Thankful cruisers

Waiting until they’re awake before cranking out the first round of Alice’s Restaurant may not be something our boat teens are thankful for yet, but give them a few hours. I contemplate this while watching the clouds lemon-tinted by sunrise, scudding across an uncharacteristically overcast sky in Puerto Peñasco.

Eleven years ago we spent our first Thanksgiving as cruisers anchored off the dusty village of Bahía Tortugas, a fishing community near the northwest corner of Baja California Sur. At the time it seemed wildly simple compared to the more elaborate holiday celebrations, and it was. A few carefully selected provisions before we left San Diego the week before gave the holiday familiar flavors, and circumstance brought the core intent into focus. Food! OK, that too, but mostly the time we had together as a family, sharing gratitude for the place we find ourselves in the planet and in life: a welcome simplicity, now happily entrenched in the rhythm our cruising life.

I would like to point out the utter chaos of our main cabin during Pie Production this afternoon: Siobhan ably assisted by Utopia’s Max

Every year is a different, but Thanksgiving remains that specifically American holiday we celebrate wherever we are. There’s rarely turkey, but any poultry can stand in (and probably fits better in a boat oven!). I’ve been known to stash cans of cranberries for years; canned pumpkin puree doesn’t really get stocked outside the US (OK maybe Canada, I claim ignorance) but pumpkins are widely grown in the tropics. Our only Thanksgiving on US soil since sailing away in 2008 was (appropriately enough) in the company of CLODs-turned-found-family in Virginia when we sailed down the east coast a few years ago. Translation for those not in the community: CLODs = cruisers living on dirt.

What does Thanksgiving look like this year, hauled out at the north end of the Sea of Cortez? Would you believe – a whole roasted pig?!

Arrow‘s Mike anticipating the feast to come!

It’s something Cabrales Boatyard manager, Salvador, knew his cruiser residents would enjoy. A taste will be irresistible, but still we’re saving room for a conventional dinner on Totem later. Easy access to the US border and Phoenix shops mean I’ve got more than the usual complement of our traditional dishes planned.

Sitting around the table in Totem’s salon, time for rituals in our simplified Thanksgiving. Jamie will put on his cleanest, least threadbare Aloha shirt. I’ll probably still be wearing Rita’s apron, partly for shield and partly for soul. We’ll reflect on things we’re thankful for while stuffing our bellies with good food, our heads with new and relived memories, and our hearts with gratitude (I can’t wait to read the kids the list of things they were thankful for in past years: dogs. the ocean. our family. food). It will finally be time to play Alice’s Restaurant at volume with impunity! And in the warmth of our family glow, maybe then the extra doze this morning will join the 2019 list of Things I’m Thankful For around the table.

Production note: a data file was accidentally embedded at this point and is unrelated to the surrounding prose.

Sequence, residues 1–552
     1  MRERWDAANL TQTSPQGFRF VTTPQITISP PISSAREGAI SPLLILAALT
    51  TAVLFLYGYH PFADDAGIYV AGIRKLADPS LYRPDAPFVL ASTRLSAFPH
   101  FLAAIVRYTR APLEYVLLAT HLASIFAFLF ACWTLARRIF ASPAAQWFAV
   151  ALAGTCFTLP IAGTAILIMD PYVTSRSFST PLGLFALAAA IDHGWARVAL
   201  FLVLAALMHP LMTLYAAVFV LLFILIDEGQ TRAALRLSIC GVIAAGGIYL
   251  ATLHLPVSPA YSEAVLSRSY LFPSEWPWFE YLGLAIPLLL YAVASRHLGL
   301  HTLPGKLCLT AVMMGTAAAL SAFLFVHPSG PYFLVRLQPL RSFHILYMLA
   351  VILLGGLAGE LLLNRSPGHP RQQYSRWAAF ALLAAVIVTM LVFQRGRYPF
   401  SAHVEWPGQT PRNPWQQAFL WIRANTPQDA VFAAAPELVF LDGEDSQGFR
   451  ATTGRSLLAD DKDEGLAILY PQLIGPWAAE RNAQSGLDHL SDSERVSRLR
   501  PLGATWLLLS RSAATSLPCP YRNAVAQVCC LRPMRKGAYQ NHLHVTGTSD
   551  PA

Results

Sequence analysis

Of course there’s a ’58 Chevy wagon next to shrimper nets in the shop where the pig is being roasted.

If you’re stopping here on the way to a post-tryptophan holiday shopping spree, check out our highly practical list for 2019 holiday gifting, or any of our past year’s gift posts. Voyaging with Kids on the list? New print copies are less than half of retail right now – as inexpensive as Amazon’s ever priced it!

Turkey, our fave sides, and two pies – later in the evening aboard Totem

10 Responses

  1. Such inspiration for a family tradition.
    So God supposedly asked Michaelangelo, while he painted the Cistine Chapel,
    “When will you be done?” and he replied “when I am finished!”…so my question to you is two “ when do you leave the boatyard” and “when is it time to finish cruising?”
    We sold MV The DarkSide so happy/sad. But I thought at ages 69 and 70 not bad?

    1. LOL re: the question! Boatyard: it’s terrible to have a schedule, but we’re hoping to be splashed and sailing south in time to meet Niall’s arrival in Puerto Vallarta on Dec. 19. Re: cruising, excellent question, we’d answer that one like Michaelangelo! Not anytime soon, we hope.

  2. Touched by this post, Began. We CLODs managed mashed potatoes and green bean casserole with pork tossed together in a state of exhaustion after a tiring week down here in Australia. I’m a bit homesick tonight and reflecting on how much more thoughtful our Thanksgivings were when cruising with fewer resources than this one this year (e.g. tin cranberries schlepped between countries). This is a nice reminder to refocus on the traditions that matter to us as holiday time winds out the year.

  3. Behan, you and your cruising family continue to be an inspiration for us. I always learn something new from your blogs. Best, Jim and Joann

  4. Happy Thanksgiving to you all. Thankful you are all good and still cruising. All my other blogs seem to have gone to land. You’re the only one left. Please keep blogging.
    Dale

  5. The more years I lived abroad the more impressed I was to the lengths that American expats go to to celebrate Thanksgiving (and Canadians, but of course theirs is earlier- they do do pumpkin pie btw). The fun thing about it in many ways is introducing others from where you are because everyone can get behind a holiday where you basically just have to eat and think about what you’re thankful for in your life.

    Happy belated Thanksgiving!

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